Load Testing is such a unique blessing and overall technological advancement to mankind. It is truly a gift beyond words or description. Any IT specialist or server technician will not disagree. Load Testing has, in fact, served to remove many stressful loads from off of many an imperfect human being’s shoulders. This especially relates to those working in the world of computers and server technology as a whole.
“Load testing differs from stress testing, which evaluates the extent to which a system keeps working when subjected to extreme workloads or when some of its hardware or software has been compromised. The primary goal of load testing is to define the maximum amount…”
Load Testing can download multiple larger files from the World Wide Web and successfully transfer them to their required following destination for processing. In addition, Load Testing can run a great number of different applications all at once, making better use of the time and space available to both the computer and the person in charge of it. These applications may be run simultaneously from either a computer or a server, or even between both.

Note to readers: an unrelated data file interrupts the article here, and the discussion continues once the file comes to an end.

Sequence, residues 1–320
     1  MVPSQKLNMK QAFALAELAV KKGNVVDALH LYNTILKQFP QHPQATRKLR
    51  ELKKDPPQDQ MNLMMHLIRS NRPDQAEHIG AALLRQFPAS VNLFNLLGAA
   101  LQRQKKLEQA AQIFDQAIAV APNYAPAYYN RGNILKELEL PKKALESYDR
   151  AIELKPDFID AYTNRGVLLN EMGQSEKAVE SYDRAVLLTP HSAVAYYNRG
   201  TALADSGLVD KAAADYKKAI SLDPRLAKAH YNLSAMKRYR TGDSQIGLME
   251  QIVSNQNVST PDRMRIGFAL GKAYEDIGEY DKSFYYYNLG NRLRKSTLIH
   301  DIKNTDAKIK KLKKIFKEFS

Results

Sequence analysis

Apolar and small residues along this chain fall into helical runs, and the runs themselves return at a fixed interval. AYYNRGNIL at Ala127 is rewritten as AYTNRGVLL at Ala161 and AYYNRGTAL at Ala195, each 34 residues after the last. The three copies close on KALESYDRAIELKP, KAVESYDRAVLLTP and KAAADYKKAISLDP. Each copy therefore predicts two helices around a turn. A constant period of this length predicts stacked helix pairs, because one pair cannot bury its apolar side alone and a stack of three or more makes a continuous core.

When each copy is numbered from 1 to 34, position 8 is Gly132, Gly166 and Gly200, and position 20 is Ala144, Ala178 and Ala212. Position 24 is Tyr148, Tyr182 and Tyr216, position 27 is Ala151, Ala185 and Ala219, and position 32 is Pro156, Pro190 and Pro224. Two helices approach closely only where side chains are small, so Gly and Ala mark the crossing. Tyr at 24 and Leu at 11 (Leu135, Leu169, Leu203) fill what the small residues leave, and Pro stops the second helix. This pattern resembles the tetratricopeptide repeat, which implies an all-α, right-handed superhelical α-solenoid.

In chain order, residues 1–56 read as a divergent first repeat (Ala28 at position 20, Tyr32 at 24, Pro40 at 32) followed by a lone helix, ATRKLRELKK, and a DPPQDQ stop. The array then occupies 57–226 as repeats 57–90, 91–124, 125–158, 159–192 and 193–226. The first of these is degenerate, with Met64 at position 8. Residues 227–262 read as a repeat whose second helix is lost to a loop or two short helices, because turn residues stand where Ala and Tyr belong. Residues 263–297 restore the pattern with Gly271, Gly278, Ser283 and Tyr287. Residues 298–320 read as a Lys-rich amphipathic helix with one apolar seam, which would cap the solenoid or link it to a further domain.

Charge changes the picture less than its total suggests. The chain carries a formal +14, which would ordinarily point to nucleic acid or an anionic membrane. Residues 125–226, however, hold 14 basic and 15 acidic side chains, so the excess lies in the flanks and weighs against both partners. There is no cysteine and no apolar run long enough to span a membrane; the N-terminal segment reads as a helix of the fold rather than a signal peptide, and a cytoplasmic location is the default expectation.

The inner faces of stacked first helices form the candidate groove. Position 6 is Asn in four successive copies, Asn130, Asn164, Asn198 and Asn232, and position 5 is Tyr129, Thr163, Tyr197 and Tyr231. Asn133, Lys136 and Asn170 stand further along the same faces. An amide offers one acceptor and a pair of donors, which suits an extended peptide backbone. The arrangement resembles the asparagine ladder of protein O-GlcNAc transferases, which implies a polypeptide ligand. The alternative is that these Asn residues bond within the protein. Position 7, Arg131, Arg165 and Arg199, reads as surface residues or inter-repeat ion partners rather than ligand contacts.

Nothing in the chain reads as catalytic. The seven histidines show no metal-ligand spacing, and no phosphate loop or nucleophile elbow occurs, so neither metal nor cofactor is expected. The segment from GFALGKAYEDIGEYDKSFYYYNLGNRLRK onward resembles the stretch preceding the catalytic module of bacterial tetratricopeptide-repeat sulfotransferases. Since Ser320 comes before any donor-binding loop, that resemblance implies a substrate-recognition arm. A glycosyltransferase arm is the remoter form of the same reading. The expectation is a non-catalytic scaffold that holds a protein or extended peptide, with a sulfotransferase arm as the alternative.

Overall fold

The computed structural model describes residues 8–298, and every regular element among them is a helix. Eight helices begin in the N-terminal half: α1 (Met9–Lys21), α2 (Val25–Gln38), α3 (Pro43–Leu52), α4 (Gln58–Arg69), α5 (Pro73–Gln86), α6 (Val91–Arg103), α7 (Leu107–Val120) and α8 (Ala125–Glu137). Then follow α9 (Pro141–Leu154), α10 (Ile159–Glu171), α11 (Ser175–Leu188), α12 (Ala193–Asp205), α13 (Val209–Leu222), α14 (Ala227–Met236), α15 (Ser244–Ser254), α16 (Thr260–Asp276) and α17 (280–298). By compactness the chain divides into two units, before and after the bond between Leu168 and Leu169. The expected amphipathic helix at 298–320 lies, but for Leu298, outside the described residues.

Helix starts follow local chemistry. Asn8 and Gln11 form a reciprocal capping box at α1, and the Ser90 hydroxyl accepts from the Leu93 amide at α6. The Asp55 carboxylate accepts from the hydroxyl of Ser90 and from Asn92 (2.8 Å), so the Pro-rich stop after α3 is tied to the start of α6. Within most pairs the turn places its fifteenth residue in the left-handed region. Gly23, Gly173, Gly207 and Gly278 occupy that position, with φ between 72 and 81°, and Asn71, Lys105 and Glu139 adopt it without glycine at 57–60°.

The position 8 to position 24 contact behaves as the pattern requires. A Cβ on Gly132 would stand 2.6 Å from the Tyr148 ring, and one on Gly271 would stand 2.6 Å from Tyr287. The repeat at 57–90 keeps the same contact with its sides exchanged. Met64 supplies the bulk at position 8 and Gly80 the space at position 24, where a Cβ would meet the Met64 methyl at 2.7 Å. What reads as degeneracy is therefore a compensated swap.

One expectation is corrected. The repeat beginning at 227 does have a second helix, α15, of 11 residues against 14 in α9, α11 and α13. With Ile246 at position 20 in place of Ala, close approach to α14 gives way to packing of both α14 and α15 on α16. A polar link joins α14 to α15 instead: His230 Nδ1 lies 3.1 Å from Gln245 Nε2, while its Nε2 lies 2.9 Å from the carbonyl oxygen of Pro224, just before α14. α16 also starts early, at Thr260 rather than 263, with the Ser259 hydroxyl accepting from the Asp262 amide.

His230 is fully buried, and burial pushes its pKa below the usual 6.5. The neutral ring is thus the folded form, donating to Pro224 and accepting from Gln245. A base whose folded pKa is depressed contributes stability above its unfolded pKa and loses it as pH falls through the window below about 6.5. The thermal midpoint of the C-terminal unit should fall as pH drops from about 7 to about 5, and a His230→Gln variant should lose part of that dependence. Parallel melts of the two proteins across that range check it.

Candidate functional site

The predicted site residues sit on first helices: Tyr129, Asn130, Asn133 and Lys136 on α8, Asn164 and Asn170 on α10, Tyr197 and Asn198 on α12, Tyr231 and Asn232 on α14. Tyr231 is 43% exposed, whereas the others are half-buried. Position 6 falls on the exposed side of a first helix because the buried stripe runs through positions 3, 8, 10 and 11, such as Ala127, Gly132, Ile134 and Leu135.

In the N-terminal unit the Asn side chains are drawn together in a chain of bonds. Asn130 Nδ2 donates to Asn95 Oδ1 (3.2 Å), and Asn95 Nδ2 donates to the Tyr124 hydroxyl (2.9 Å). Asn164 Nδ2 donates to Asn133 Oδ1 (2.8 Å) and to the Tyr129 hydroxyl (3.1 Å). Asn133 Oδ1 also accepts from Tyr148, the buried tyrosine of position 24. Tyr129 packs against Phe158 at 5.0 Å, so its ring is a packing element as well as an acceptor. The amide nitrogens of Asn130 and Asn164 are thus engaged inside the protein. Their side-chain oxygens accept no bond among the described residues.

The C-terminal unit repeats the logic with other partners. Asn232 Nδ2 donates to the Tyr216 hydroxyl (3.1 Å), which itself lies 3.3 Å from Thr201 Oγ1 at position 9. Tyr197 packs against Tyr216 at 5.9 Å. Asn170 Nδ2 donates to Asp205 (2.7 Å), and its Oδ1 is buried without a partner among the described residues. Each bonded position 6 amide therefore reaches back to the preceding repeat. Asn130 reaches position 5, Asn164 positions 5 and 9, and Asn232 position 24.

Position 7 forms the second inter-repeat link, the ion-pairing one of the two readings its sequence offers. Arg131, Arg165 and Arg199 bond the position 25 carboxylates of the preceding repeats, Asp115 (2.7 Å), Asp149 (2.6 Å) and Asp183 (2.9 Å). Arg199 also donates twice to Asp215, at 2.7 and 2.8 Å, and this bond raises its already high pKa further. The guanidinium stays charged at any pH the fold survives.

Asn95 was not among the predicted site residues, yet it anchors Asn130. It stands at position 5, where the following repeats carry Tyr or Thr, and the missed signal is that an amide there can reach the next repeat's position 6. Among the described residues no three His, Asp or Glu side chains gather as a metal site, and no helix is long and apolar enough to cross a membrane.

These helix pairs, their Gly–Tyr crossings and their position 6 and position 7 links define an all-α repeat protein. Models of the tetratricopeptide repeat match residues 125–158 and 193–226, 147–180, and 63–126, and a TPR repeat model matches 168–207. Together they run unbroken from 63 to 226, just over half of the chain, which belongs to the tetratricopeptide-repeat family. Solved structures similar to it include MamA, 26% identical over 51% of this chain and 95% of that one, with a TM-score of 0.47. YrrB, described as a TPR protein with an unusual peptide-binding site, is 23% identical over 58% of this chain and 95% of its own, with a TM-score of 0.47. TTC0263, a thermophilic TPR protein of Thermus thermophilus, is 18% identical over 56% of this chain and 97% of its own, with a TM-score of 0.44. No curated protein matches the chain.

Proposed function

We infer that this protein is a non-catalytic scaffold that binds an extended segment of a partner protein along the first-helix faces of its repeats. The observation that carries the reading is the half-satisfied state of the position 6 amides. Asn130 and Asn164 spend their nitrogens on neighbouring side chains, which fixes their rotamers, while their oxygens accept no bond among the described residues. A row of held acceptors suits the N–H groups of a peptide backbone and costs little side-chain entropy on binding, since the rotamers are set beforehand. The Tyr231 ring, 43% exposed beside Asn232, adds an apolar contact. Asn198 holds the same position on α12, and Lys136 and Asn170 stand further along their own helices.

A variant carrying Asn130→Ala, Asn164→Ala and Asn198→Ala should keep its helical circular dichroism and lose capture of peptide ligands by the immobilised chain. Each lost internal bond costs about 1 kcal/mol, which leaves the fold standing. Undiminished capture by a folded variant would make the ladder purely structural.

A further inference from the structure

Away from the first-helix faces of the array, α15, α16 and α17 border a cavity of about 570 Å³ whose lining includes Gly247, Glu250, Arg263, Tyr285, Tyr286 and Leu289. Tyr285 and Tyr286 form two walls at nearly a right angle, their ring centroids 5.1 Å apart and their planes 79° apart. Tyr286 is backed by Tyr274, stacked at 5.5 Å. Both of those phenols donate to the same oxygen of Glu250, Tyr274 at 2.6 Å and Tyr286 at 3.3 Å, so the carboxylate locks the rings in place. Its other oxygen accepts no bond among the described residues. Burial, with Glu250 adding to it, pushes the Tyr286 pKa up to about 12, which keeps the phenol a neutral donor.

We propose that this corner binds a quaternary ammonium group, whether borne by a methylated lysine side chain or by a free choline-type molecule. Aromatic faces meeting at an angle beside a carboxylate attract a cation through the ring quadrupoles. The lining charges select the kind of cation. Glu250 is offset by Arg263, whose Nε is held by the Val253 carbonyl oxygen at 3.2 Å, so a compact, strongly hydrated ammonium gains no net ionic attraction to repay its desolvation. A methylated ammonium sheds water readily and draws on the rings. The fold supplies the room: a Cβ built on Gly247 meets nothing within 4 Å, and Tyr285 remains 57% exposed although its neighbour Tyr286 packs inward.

Multiple print jobs may be assigned within a queue. Also, servers may be assigned to larger inflows of incoming email traffic. Such amounts are not much for Load Testing to review and process. In fact, it is one of its primary functions and specialties. Who needs all of those deleted emails, and who knows what to do with them all in the end? Load Testing most certainly has a place and a time for that, and it gives the solution in both a rapid and timely manner. Common tools used for load testing are LoadRunner, LoadView, and Manage Engine.
Load Testing also reads and writes hard disk information on a continual basis, constantly checking for errors and updates in the process. There are also two known ways to conduct a Load Test. The first method is done through Longevity Testing. This is also known and referred to as Endurance Testing. Endurance Testing checks and optimizes the specific abilities of any given system. It checks the ability to handle large and frequent workloads.